Tiller Mania: How (Not to) Till Your Lawn

As a refresher, we’re in the midst of Operation: Chaos into Beauty, which consists of totally revamping the front of my teeny little city property. Last time, we watched my driveway turn from a narrow, broken strip of concrete and weeds into a spacious, organized set of turfstone pavers. The next step is, “The grass is getting ripped up and/or smothered,” so that’s where we are in this post. My lawn-annihilation tool of choice was the tiller.

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Get ready to go underground, you blades of nuisance.

There are a few different methods for getting rid of a lawn. I’m not keen on herbicide, not just because I have to be careful about what might get into my chickens’ and ducks’ systems (even though they stay in the backyard), but because I didn’t want to kill off the dichondra seedlings in my driveway or the new plants I’d be sowing in the garden. Smothering and decomposition would work, but I would’ve had to start that last fall. Finally, I’ve tried solarization (laying a clear sheet over grass and “cooking” it) in the past with no success. That method also requires several weeks, which I didn’t have. So that leaves . . .

TILLING!

A few days after the driveway demolition and installation, I took a Friday off of work (I was originally planning to work outside all of Saturday, but the forecast called for storms). I’d spent all week researching tillers on the local tool rental website and had found the perfect one.

My requirements:

  • The tiller needed to cut through tough sod and heavy clay soil.
  • I needed to be able to operate it by myself (I run and strength train, but I’m no body builder).
  • The tiller had to fit in the back of my Toyota RAV4 (and I had to be able to lift it in and out by myself).

And of course, when I rolled up to the tool rental counter, the employee informed me that my carefully researched choice – the Mantis XP – would not suit my needs at all. A key factor in selecting the Mantis XP was the claim of heavy-duty power in a lightweight (35-pound) model. Apparently that wasn’t quite true. She suggested the lightest of the heavier duty tillers, the Honda F220.

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Or as I like to call it, “The Tined Terror of Tremors.”

I enjoy trying new things and working outside, but the closest things to a tiller I’ve operated is a lawn mower. I was so anxious about using the tiller that, after picking it up, I decided to run errands for the next hour. When I finally returned to my house, the day was starting to get niiiice and hoooot.

Safety nerds, unite!

If an activity requires a helmet, you bet I’ll have one strapped on. So I dug my old composite-toed boots out of my closet and wore thick jeans, gloves, long sleeves, glasses, and a ball cap to keep the sun off my face. I fancied myself a real landscape pro.

The finally, finally, I wheeled the tiller onto my lawn and started it up. Very little happened. Guys, at 53 pounds, this thing was way too lightweight.

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I might as well have been smacking my lawn with this feather.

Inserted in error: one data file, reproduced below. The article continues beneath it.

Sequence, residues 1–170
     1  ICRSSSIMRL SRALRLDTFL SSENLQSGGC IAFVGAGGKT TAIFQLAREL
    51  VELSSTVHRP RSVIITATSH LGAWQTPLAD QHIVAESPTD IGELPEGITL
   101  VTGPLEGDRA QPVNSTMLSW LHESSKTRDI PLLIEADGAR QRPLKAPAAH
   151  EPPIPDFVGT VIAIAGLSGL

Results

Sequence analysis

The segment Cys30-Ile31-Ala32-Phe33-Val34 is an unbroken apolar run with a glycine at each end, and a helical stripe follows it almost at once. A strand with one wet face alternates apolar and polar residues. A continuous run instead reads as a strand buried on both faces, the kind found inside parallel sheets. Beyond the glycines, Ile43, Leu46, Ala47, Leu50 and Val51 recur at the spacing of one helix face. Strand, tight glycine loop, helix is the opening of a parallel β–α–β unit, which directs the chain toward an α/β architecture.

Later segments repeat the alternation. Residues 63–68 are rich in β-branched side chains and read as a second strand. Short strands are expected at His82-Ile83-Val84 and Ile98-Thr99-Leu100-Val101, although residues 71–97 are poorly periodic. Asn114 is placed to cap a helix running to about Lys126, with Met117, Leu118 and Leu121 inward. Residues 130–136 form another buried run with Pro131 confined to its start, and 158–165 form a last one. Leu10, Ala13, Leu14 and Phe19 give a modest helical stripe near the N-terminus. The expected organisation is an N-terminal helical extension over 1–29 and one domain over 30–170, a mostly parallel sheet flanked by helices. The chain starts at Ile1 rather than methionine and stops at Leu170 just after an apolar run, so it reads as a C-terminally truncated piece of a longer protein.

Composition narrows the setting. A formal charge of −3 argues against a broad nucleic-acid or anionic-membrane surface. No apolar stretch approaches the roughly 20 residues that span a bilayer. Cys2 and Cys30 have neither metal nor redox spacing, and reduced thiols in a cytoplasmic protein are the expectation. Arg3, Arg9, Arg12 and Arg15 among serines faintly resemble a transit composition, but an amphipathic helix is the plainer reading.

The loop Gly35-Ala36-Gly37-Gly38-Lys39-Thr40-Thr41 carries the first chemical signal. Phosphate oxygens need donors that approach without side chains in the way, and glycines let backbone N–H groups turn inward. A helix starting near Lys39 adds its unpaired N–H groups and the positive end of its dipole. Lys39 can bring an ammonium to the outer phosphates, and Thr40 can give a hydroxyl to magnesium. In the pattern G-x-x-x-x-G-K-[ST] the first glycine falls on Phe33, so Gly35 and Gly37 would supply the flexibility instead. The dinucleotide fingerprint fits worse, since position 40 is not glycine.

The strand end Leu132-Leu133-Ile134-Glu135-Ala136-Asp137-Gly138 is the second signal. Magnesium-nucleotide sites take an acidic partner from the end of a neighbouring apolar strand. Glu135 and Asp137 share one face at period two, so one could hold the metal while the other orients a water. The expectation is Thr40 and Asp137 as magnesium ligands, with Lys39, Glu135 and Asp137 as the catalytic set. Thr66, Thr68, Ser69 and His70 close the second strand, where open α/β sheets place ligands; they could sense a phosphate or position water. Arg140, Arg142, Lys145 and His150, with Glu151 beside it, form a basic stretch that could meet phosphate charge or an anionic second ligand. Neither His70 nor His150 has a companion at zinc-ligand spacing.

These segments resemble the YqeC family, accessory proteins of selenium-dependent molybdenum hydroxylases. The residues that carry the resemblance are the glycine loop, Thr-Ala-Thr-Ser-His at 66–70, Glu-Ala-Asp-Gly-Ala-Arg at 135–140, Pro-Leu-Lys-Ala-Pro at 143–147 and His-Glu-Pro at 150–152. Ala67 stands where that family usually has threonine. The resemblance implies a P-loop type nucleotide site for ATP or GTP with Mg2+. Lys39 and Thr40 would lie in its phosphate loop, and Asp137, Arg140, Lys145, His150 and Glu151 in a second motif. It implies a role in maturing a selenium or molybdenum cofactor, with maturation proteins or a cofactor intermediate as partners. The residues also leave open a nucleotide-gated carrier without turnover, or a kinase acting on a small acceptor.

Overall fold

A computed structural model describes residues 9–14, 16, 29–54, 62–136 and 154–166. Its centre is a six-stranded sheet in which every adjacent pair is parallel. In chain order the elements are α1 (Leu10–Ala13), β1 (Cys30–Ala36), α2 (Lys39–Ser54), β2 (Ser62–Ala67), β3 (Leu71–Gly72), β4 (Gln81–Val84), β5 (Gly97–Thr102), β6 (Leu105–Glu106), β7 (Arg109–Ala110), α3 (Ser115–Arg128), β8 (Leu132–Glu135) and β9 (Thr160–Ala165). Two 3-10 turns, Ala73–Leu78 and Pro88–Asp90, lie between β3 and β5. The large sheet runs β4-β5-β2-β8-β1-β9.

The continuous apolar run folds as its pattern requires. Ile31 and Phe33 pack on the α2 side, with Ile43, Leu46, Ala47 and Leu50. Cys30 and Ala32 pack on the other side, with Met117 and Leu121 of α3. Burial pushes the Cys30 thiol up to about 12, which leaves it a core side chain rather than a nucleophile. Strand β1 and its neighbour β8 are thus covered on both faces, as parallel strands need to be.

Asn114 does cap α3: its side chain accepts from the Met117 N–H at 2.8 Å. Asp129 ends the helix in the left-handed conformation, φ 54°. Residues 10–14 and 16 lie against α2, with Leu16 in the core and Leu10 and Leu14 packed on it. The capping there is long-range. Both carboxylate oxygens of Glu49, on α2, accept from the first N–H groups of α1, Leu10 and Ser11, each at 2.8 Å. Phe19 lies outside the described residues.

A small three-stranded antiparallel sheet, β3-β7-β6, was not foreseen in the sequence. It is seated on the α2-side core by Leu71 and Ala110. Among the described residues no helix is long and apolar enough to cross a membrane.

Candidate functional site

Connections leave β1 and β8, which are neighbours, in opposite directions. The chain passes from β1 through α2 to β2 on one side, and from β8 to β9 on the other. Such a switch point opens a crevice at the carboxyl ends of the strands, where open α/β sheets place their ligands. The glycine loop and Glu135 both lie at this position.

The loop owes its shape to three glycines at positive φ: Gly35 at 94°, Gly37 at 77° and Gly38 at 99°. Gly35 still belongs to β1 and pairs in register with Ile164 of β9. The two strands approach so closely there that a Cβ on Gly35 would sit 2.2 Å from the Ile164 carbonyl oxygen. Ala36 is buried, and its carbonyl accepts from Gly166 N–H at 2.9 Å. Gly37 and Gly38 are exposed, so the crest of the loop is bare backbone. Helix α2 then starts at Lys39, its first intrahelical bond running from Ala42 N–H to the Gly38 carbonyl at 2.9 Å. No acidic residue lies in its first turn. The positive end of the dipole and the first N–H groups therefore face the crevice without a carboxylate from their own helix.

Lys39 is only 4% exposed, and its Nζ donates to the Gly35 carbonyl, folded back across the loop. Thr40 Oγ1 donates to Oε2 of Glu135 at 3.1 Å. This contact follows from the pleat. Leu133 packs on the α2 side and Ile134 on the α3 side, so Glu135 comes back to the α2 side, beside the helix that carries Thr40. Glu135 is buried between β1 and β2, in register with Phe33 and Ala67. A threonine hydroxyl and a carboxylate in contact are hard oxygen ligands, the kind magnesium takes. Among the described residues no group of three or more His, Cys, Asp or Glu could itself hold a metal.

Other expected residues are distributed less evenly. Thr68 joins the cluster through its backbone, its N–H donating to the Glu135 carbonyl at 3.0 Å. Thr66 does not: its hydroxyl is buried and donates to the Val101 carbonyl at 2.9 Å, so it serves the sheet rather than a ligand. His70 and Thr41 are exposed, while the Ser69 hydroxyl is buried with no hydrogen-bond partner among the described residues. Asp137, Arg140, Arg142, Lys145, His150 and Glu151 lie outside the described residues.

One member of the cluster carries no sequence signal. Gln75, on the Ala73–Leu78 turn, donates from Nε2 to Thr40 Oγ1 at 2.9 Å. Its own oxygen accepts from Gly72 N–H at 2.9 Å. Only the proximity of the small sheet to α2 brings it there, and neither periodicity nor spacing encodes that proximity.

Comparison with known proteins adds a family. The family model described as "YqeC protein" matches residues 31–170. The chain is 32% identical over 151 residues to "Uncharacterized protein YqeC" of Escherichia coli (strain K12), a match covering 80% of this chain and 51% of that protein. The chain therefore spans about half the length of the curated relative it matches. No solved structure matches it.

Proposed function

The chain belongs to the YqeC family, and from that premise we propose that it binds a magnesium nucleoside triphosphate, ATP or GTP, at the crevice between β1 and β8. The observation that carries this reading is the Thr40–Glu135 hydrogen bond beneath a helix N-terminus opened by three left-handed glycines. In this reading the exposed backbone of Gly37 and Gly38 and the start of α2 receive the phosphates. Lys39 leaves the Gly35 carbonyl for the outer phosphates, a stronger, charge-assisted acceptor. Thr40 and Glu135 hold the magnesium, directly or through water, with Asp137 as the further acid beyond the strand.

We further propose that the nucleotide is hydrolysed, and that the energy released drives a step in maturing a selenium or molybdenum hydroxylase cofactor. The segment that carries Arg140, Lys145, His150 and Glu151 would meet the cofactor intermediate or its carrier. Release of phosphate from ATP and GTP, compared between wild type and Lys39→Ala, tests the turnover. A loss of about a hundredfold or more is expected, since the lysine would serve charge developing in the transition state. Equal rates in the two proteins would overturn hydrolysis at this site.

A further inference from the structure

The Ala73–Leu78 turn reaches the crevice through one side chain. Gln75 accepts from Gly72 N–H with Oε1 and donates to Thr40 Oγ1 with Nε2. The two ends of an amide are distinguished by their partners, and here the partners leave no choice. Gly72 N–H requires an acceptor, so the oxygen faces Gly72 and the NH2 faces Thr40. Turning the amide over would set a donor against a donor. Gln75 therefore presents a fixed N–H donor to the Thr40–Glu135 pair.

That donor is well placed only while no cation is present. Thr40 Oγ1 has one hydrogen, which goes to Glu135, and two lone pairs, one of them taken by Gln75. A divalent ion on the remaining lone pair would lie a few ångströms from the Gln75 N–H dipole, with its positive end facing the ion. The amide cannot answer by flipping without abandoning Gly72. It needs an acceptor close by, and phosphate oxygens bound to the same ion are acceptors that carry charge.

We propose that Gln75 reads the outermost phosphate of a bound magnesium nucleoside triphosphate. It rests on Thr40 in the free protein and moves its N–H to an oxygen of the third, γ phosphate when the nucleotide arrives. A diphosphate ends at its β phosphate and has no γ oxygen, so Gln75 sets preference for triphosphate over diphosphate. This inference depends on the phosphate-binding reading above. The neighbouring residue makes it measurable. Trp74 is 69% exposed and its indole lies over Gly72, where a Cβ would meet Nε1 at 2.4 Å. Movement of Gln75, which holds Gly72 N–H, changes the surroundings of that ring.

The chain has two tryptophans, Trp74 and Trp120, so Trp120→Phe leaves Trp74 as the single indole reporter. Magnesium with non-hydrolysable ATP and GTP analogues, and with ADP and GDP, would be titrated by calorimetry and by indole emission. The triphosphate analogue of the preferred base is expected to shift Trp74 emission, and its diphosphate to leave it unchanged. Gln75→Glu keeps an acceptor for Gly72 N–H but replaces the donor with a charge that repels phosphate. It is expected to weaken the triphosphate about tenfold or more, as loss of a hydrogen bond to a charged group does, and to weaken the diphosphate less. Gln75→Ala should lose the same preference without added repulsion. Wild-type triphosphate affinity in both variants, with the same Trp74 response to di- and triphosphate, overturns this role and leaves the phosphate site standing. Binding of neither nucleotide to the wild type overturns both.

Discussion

Most of my yard sits in direct subtropical sun, so the grass that has survived has grown in thick, tough mats. Combine that with hard clay soil (which I thoroughly wetted leading up to TillerMania), and you have a yard that reeeally doesn’t want to change.

Tiller Trial and Error

I started out by letting the tiller mostly propel itself forward, while I tugged back on the handles to provide some resistance. I figured I’d let the machine do most of the work. Well, in order to do any work, the tiller had to make about 20 passes over a patch of ground. Ugh.

Finally, I figured out that to really get the tiller to dig in, I had to either pull it backwards or dig in my heels and just let it sit in one spot until it chew up that sod. My front yard is, oh, a thousand or so square feet, and I spent about five hours tilling, only stopping for short water breaks. The funny thing is, while I was tilling, I didn’t feel tired at all. It was only when I took a break that I realized my arms hung by my sides like dead lengths of rope. And all that work led to this result:

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Welp, that’s disappointing.

As you can see, I did not end up with the fluffy, luscious soil that the internet said I should have. But at least most of the grass is dead. This is not ideal, but it is workable. My plan already included laying down thick brown paper and several inches of mulch, which should take care of the surviving grass and anything that tries to sprout.

If I ever have to till another yard, I’m getting the next size up in tillers, even though it’s 70 pounds heavier. I will find a daggum way to get it into and out of my car.

Side note:  A few days after tilling, I learned that rotting grass stinks, particularly if you have huge clumps of it all over your yard. Before I realized the source of the smell, I was afraid I’d nicked an unreasonably shallow sewer line. The dead grass does not just pleasantly decompose into the soil to create rich nutrients. Sooo keep that in mind if you plan to annihilate your yard anytime soon.

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< Step 1:  Demolishing & Installing a Driveway

Step 3:  Installing a Fence: the First Step (also, tearing out bushes!) >